Greedy super PACs drained the movement with endless pleas for money to support “conservative” candidates—while instead using the money to enrich themselves. I should know. I worked for one of them.
By Paul H. Jossey
A small group of supposedly conservative lawyers and consultants saw something different: dollar signs. The PACs found anger at the Republican Party sells very well. The campaigns they ran would be headlined “Boot John Boehner," or “Drop a Truth Bomb on Kevin McCarthy.” And after Boehner was in fact booted and McCarthy bombed in his bid to succeed him, it was naturally time to “Fire Paul Ryan." The selling is always urgent: “Stop what you’re doing” “This can’t wait.” One active solicitor is the Tea Party Leadership Fund, which received $6.7 million from 2013 to mid-2015, overwhelmingly from small donors. A typical solicitation from the TPLF read: “Your immediate contribution could be the most important financial investment you will make to help return America to greatness.” But, according to an investigation by POLITICO, 87 percent of that “investment” went to overhead; only $910,000 of the $6.7 million raised was used to support political candidates. If the prospect signs a “petition,” typically a solicitation of his or her personal information is recorded and a new screen immediately appears asking for money. Vendors pass the information around in “list swaps” and “revenue shares” ad infinitum.
1. Prospects whose name appear on a vendor’s list get a phone call, email or glossy mailer from a group they’ve likely never heard of asking them for money.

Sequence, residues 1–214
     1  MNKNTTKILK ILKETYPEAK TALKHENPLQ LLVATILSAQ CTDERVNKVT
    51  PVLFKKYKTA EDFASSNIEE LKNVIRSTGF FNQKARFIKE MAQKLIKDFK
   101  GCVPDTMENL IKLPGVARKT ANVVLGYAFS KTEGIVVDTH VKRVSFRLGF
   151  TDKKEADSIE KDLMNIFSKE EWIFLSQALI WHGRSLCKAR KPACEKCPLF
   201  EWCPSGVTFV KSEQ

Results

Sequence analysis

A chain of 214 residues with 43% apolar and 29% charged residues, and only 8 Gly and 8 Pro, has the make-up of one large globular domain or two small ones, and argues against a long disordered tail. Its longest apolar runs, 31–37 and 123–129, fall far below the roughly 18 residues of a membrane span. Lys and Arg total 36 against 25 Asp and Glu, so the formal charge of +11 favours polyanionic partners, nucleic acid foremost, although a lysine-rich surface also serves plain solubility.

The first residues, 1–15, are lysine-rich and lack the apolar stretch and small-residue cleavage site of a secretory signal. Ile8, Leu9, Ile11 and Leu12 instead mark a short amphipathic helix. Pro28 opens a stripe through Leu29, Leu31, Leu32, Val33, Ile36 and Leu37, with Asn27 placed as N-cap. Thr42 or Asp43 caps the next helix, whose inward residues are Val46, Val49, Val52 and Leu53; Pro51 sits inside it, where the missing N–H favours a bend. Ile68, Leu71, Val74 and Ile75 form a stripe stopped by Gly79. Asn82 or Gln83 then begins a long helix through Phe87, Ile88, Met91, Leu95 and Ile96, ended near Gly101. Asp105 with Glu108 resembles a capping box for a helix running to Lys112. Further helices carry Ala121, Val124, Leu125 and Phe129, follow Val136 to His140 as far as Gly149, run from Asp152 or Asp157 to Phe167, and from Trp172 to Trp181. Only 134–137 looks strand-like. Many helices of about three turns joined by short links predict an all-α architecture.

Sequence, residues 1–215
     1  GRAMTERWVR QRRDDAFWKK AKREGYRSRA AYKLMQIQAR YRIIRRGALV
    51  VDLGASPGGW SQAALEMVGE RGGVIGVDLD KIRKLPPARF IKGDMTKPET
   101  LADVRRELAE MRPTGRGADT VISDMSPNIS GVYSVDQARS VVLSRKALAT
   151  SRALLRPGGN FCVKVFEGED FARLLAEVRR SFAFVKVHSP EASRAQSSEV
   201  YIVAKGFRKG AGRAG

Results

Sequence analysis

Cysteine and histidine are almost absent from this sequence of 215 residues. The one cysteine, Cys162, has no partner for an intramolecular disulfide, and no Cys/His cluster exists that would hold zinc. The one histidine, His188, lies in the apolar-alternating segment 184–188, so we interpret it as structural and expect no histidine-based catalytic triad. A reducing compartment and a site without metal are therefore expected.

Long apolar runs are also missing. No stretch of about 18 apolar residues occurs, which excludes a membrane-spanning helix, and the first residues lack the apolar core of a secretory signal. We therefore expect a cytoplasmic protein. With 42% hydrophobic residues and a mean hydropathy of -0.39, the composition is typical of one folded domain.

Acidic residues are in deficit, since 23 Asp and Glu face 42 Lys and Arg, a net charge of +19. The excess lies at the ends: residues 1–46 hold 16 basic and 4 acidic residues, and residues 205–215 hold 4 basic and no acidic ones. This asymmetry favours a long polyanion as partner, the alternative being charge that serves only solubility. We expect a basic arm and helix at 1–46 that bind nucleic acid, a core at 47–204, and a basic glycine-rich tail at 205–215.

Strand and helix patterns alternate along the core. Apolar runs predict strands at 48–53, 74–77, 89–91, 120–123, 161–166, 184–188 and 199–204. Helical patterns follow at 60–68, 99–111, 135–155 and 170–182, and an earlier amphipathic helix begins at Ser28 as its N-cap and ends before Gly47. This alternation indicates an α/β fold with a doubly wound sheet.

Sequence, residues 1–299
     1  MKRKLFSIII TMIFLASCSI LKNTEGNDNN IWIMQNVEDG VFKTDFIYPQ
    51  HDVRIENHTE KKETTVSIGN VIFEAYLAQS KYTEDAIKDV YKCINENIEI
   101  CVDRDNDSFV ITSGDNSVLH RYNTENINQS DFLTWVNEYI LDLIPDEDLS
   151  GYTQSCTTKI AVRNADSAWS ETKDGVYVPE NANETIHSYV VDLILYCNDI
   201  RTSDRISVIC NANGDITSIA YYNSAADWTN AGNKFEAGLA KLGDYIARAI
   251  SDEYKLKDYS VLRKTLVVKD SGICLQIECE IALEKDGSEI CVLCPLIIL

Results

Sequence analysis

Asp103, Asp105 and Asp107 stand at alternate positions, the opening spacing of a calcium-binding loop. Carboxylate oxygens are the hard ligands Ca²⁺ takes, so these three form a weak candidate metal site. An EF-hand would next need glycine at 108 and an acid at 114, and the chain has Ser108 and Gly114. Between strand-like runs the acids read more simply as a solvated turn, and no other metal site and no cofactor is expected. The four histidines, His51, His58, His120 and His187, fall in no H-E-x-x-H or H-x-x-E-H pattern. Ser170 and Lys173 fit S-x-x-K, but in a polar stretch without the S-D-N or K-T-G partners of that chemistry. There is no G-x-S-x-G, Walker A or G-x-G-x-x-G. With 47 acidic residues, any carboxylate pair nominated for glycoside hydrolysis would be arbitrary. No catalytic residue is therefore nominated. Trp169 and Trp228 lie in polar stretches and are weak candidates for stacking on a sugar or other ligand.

2. Another favorite tactic is the “Draft Committee.” Pick a popular figure then start a committee to “draft” him or her to run for office. TPLF “drafted” Sarah Palin for Senate in Alaska and Backer “drafted” Newt Gingrich for Senate in Virginia. After I left his firm, Backer “drafted” new Texas resident Allen West for Senate in Florida. None of these candidates were remotely interested or associated with the effort, and in fact could not be by law. But there were signatures to collect and donations to request.
3. Groups intentionally back candidates that can’t win to assure fundraising flow. Some may genuinely believe they help (others obviously know they don’t). But it’s no secret that the day after Mitt Romney’s defeat was a huge fundraising day in the conservative world. And electoral success would undoubtedly affect business. PACs exploited a reservoir of goodwill toward minority candidates in particular to raise money for themselves. After his razor-thin 2012 congressional defeat, Allen West, an African-American former Florida congressman, filed a complaint with the FEC against PACs raising money off his race but doing nothing to help him. The FEC concluded it lacked authority to police such efforts.
I'm pretty sure both sides have this problem, where rich lawyers fleece the fears of donors. The solutions are simple, just donate as if citizen's united never existed, aka directly to the candidate. Or better yet, volunteer your time, much more valuable than money.*
* Why don't rich people just spend their money hiring people to work on a campaign instead of donating?